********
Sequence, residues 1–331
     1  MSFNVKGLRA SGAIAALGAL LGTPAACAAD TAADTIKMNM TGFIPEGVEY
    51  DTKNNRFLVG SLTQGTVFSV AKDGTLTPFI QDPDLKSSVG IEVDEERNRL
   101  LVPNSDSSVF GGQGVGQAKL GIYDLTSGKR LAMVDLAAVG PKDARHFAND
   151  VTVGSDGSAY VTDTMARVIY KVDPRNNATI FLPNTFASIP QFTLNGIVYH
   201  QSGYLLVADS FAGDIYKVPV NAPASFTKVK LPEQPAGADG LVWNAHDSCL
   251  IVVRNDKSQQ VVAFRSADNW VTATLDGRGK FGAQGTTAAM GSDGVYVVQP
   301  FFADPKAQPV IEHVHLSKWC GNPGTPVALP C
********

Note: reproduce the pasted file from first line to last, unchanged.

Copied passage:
Sequence, residues 1–331
     1  MSFNVKGLRA SGAIAALGAL LGTPAACAAD TAADTIKMNM TGFIPEGVEY
    51  DTKNNRFLVG SLTQGTVFSV AKDGTLTPFI QDPDLKSSVG IEVDEERNRL
   101  LVPNSDSSVF GGQGVGQAKL GIYDLTSGKR LAMVDLAAVG PKDARHFAND
   151  VTVGSDGSAY VTDTMARVIY KVDPRNNATI FLPNTFASIP QFTLNGIVYH
   201  QSGYLLVADS FAGDIYKVPV NAPASFTKVK LPEQPAGADG LVWNAHDSCL
   251  IVVRNDKSQQ VVAFRSADNW VTATLDGRGK FGAQGTTAAM GSDGVYVVQP
   301  FFADPKAQPV IEHVHLSKWC GNPGTPVALP C